Category Archives: MY STORIES

Modeling: the new family business

You might remember that my mother-in-law has done some modeling work in the past. While were visiting India recently, the photographer that she works with stopped by the house… he was looking for some kids and a grandmother to model for his shoot the following day.  He took one look at Miss A and her two older cousins and offered them the job.

We actually debated on whether or not they should do it.  We thought it would be fun, but we only had a limited number of days with family and this photo shoot would take the whole day!  We finally decided to let them do it, not because of the money they would get paid, but because the photographer agreed to take a formal family photo for us.  Getting a nice “frame-worthy” family photo was on my list of priorities while we were in India, so this was a great opportunity – getting a professional photographer to do it for free?  Sign me up!!

I was curious to see how an Indian photo shoot would be.  I am a graphic designer and have worked for a couple of different magazines in North America, so I have seen my fair share of photo shoots.  We had to drive over an hour to get to the location.  The photo shoot was to advertise new apartments that are for sale. I was very impressed with how the shoot was handled.  There were many assistants, an older man who was playing the role of the grandfather, my MIL who was the grandmother, and two other children who were models, in addition to Miss A and her two older cousins.  Miss A was the youngest by far!  The photographer had a list of shots he wanted to get… they included the kids playing and posing on the bed in the bedroom (pictured above), a birthday scene, a balcony scene with the grandparents, a shopping scene (pictured at left) and some outdoor shots.  He kept things moving very quickly so there was very little “down time.”  The photographer’s assistants had all of the props well organized.  They also provided lunch for the whole crew.

Miss A wasn’t in all of the scenes, because of her age, but they used her as the one who cut the cake for the birthday scene,  she did well until they started spraying foam confetti EVERYWHERE  and the photographer was shouting “Give me MORE!” (referring to the confetti).  It scared Miss A so badly, she burst into tears… although he kept shooting!  After she recovered from that, she got to sit in the shopping cart – where they got some cute shots of her.  All together it was a fun day!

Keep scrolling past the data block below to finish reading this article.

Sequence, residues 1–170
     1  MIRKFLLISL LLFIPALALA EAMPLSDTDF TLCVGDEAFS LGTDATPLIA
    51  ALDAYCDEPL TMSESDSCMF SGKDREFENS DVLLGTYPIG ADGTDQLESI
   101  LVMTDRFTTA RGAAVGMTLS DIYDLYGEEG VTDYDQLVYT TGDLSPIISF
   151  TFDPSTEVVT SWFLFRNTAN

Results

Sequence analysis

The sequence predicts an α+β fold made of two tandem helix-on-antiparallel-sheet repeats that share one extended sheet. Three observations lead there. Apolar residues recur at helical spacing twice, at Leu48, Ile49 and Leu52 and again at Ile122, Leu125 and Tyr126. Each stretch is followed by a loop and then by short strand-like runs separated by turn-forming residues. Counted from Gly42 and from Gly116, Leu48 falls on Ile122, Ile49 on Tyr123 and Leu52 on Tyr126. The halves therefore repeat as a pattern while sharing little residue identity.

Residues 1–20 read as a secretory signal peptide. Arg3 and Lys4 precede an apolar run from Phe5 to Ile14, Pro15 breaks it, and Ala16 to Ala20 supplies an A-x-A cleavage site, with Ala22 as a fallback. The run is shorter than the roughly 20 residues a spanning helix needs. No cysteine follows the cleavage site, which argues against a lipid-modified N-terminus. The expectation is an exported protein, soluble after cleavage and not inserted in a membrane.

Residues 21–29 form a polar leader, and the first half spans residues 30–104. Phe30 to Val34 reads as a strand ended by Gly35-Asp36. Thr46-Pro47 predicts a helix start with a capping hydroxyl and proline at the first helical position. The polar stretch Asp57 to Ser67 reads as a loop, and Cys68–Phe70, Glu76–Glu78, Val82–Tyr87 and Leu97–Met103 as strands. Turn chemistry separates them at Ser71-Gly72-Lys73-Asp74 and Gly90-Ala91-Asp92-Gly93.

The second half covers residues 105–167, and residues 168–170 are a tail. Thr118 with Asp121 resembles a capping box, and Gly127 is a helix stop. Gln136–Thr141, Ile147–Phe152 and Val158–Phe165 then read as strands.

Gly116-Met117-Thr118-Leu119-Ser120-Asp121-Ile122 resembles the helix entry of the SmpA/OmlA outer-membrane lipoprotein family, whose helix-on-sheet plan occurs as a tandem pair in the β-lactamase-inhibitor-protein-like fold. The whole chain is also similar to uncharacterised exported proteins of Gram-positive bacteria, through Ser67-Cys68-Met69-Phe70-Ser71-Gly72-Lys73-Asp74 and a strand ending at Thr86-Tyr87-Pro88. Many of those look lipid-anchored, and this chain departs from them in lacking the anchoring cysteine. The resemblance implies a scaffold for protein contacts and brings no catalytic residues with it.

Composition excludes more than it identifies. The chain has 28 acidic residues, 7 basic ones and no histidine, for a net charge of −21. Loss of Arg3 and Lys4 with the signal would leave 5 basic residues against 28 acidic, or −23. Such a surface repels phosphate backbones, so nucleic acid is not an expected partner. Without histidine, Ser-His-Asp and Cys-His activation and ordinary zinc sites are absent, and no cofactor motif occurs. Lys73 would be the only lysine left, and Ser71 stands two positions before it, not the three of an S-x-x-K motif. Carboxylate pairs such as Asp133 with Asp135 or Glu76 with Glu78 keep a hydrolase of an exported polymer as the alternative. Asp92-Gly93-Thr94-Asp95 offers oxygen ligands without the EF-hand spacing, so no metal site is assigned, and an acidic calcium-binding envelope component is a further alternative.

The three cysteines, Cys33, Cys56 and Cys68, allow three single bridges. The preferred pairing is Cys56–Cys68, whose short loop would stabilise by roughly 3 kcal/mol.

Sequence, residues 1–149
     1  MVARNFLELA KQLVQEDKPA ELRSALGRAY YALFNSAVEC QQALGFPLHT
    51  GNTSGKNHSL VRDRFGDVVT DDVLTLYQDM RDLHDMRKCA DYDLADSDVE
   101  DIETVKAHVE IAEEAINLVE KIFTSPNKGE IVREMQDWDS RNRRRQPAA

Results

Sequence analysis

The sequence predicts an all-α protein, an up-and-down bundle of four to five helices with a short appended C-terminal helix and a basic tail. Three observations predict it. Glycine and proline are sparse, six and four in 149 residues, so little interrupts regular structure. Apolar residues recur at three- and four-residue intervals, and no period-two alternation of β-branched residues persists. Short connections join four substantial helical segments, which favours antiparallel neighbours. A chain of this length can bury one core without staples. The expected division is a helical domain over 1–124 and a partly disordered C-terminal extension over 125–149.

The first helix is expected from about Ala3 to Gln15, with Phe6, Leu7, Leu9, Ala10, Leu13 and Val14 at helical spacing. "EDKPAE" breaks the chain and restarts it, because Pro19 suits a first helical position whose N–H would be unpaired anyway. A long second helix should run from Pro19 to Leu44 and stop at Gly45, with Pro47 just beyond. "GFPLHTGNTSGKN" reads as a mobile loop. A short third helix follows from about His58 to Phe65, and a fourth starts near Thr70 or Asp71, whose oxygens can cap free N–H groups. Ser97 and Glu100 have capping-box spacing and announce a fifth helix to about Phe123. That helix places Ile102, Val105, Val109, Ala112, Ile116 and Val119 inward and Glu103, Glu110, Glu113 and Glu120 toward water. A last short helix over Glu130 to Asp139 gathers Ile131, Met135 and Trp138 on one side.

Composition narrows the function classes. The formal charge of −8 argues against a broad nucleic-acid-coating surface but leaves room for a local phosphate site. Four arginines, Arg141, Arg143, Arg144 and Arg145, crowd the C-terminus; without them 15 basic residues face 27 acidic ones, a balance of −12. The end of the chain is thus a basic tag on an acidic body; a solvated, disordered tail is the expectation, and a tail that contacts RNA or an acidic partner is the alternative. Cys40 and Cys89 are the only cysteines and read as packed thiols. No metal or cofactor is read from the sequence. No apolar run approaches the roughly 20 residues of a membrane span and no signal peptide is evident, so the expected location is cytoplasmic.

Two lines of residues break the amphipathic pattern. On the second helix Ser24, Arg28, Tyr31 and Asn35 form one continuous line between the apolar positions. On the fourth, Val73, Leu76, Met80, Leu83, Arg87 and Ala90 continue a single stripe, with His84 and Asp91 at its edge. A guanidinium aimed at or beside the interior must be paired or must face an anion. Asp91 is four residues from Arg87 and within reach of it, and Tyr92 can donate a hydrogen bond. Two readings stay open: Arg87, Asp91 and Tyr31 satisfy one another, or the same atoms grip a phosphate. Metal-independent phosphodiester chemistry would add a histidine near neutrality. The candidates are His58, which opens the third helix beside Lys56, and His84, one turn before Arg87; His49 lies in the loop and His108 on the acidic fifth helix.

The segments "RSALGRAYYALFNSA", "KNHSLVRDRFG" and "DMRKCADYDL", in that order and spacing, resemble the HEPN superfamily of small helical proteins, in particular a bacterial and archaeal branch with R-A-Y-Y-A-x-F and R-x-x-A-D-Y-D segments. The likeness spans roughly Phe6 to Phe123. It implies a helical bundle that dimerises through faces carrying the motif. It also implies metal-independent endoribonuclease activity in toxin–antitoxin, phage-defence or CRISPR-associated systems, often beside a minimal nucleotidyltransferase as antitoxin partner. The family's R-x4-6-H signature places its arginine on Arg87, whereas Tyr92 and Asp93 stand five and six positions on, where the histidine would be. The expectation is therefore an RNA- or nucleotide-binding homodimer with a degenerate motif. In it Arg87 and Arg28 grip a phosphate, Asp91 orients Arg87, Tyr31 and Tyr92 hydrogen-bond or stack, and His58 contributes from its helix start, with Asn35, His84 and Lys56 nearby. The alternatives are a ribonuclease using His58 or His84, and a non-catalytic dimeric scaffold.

I was also very impressed with the apartment complex we were shooting.  This is beautiful new construction and very high-end living!  They have a grocery store at the bottom, which you can see is stocked very well.  The grounds were also beautiful.  I could live there for sure!  Too bad we didn’t get a discount on an apartment for doing the photo shoot!

Since I’m sure you’re wondering….the kids got paid Rs. 2500 each (around $55) and the adults got paid Rs. 5000 (around $110).  Not too bad, I suppose?  It was Miss A’s first paycheck – in Rupees!  And I got my family photo – which I LOVE and can’t wait to pick out the perfect frame, I already have the perfect spot reserved on my wall!

*The photos above are not the professional photos, these were snapped with my iPhone while I observed the shoot.  The family photo is the one provided to us by the photographer.  Please do not copy or reproduce any of the images posted on this blog.

International Celebrities

Surprise, Surprise!  While we were in India on our recent trip we woke up one fine morning to THIS in the morning issue of The Hindu newspaper!  Actually my mother-in-law woke ME up at 6 in the morning to show it to me!  I know it was breaking news and all, but I could have waited another hour or so to see it…
We had attended a deaf rally the day before.  (Although we almost didn’t make it, the three of us were traveling to the rally with a cousin’s family and we had a flat tire on the way there!)  My MIL works as an English teacher at a local deaf college, and they were thrilled to have our whole family attend the “International Day of the Deaf” rally.  I suppose we were the “International” part, which is why our picture showed up the next day.  I have to say it isn’t the most flattering picture, because they stopped us and asked us to smile and show the sign for “I Love You,” but they had us facing directly into the sun, so I was squinting!  
We had a good laugh, especially because they cut my husband out of the pic, and only his hand is visible.  When Miss A saw it, we asked her who was in the pic, and she said her name and pointed to herself, then she said “Momma” and pointed to me, then she said “Da-da” and pointed to my husband’s hand!  At which point, everyone cracked up.    
We also showed up in a local Telugu paper, they were kinder, because all three of us were there, although in their photo my husband was in the middle of Miss A and myself.  
What do you think, were we “news worthy” or just a spectacle?!  (I tend to think the latter…)

Indian Street Food: Enjoying Fresh Coconut

Miss A had a fabulous time in India!  It was still pretty hot while we were there.  To get some relief from the heat, and to keep hydrated we stopped several times for fresh coconut water right on the street.  If you’ve never experienced this before, you pay around Rs. 12 (depending on the location!) for the lady to use a machete to whack the top off of a young coconut.  Then she inserts a straw.  You drink all the coconut water and then give it back to the lady.  She will then use the machete to whack the coconut in half lengthwise.  Then she will use some of the shell to loosen the meat of the coconut from both halves.  She’ll put all the meat into one half of the coconut and give it back to you to eat the tasty young coconut meat.